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Three Centuries of Art

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If you've been reading here for a while, you might remember me accidentally running into an ancestor at the Art Institute of Chicago a couple of years ago. I had an idea today that inspired me to have a look around for more images of his work (I found a three good high-resolution images on-line, two from the Hermitage in St. Petersburg and one from a private auction site). Then I started looking for work by his cousin Jacob and found a couple of fun things:

While this image isn't large enough for my purposes, it struck my fancy from a Canadian perspective and a literary perspective. Jacob Huysmans moved from Belgium to England and became a fashionable painter in the court of King Charles II. This portrait is of His Highness, James, Duke of York, while he was the second governor of the Hudson's Bay Company from 1683 to 1685. In 1685 he ascended to the throne of England, Scotland and Ireland as King James II of England and King James VII of Scotland.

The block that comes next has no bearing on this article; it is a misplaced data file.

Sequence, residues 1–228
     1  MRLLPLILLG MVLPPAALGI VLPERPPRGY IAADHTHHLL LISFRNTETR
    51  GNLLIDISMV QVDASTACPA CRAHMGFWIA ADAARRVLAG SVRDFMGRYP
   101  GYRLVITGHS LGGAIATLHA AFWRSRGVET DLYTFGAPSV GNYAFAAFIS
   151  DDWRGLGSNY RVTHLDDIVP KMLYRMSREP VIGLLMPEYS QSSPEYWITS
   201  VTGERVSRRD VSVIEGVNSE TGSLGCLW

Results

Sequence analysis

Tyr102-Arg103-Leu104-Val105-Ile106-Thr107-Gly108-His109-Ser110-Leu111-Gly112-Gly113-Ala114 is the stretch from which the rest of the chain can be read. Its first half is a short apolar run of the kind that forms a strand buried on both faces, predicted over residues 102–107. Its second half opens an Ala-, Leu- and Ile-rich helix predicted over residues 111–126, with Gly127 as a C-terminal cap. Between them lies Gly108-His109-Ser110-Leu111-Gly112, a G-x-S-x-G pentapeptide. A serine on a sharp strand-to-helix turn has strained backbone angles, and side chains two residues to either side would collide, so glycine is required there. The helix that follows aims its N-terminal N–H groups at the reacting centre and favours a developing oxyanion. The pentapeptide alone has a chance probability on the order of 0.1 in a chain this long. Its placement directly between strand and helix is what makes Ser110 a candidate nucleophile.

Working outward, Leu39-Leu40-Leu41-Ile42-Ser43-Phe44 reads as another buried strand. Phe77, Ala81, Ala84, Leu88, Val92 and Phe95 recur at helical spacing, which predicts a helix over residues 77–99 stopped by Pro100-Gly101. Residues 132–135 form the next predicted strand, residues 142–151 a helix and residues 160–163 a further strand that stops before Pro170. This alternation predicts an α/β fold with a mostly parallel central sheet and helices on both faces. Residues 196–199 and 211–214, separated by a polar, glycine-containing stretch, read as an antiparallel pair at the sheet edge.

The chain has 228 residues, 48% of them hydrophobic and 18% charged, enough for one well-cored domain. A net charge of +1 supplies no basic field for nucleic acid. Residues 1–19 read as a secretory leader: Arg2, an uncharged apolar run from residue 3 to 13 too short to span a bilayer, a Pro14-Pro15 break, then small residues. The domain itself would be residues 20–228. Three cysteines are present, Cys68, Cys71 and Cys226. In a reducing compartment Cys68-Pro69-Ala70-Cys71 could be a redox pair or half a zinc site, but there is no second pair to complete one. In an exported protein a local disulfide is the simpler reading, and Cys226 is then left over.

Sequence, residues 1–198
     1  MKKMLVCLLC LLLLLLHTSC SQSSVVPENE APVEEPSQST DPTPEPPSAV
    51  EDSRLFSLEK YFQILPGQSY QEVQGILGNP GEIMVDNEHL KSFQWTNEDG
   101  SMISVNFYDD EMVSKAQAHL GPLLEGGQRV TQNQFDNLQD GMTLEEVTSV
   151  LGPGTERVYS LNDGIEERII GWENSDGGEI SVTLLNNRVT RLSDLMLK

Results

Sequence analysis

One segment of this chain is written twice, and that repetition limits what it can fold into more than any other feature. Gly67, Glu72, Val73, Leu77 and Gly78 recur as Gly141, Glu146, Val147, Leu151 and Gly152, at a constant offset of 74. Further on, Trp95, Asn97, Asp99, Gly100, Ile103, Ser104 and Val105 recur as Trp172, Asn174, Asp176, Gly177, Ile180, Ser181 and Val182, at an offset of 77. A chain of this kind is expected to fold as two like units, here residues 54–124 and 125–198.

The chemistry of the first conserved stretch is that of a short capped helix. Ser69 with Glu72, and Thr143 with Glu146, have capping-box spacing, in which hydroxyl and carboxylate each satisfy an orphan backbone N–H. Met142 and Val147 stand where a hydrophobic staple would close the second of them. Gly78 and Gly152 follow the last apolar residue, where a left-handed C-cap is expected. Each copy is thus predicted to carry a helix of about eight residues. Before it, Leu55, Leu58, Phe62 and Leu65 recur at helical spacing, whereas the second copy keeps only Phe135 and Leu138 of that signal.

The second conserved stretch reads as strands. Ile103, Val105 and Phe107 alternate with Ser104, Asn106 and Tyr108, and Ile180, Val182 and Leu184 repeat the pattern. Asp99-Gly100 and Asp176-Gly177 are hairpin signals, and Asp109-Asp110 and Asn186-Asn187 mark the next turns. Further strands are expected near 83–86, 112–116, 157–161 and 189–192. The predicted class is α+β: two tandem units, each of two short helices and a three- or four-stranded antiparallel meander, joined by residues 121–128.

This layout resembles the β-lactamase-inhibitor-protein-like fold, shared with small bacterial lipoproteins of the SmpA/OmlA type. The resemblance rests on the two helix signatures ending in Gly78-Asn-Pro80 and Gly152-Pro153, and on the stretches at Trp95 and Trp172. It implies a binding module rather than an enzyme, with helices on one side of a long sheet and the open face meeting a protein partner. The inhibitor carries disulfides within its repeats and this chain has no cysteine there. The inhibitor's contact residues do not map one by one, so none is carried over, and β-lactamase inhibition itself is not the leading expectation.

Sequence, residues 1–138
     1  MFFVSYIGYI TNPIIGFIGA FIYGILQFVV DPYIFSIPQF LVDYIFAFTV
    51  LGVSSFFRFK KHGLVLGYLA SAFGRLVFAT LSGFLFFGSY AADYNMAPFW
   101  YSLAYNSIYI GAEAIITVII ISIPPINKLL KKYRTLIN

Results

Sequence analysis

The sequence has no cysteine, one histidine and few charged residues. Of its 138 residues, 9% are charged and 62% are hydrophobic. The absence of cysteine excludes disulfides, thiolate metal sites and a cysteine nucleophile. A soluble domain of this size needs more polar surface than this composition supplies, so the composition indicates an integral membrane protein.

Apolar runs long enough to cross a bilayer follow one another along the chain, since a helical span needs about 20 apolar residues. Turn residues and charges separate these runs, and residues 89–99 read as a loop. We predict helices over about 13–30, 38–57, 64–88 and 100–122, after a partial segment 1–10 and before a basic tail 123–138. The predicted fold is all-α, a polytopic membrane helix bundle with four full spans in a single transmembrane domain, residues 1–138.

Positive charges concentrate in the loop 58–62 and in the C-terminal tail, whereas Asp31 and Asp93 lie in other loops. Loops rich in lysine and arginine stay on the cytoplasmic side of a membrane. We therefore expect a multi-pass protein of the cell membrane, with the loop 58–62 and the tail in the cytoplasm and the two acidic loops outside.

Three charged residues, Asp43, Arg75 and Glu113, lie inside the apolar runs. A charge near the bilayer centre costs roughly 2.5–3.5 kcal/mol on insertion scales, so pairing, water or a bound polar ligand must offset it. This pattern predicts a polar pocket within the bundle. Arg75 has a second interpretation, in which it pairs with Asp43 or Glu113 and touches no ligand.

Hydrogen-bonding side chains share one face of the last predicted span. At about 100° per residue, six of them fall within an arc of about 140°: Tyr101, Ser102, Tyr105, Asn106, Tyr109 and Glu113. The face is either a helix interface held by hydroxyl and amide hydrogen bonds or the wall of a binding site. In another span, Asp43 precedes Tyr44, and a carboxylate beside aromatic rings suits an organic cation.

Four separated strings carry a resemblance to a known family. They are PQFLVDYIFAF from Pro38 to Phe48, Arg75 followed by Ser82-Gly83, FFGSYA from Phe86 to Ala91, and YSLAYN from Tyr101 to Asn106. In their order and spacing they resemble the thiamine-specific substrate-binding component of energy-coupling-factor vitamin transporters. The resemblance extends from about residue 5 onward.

On the literary side, one of my favourite books is "Captain Blood" by Rafael Sabatini. This would be the James that Peter Blood was accused of treason against. BTW, if you have never seen the film adaptation with Errol Flynn (it was his first movie), find it and see it. It's the pirate movie that started all pirate movies ;-)

The winning find of the night, however, is the image below. A portrait of Bridget, Lady Kilmorey, painted sometime around 1664 (give or take a year). The image is a wonderful tie-in with what I've had in mind behind the Red Chair series, anchoring what I'm working on not only in general historical context I had in mind all along, but pulling it right back into the family. I'm very pleased with this.

Oringinal post: http://mbarrick.livejournal.com/763803.html



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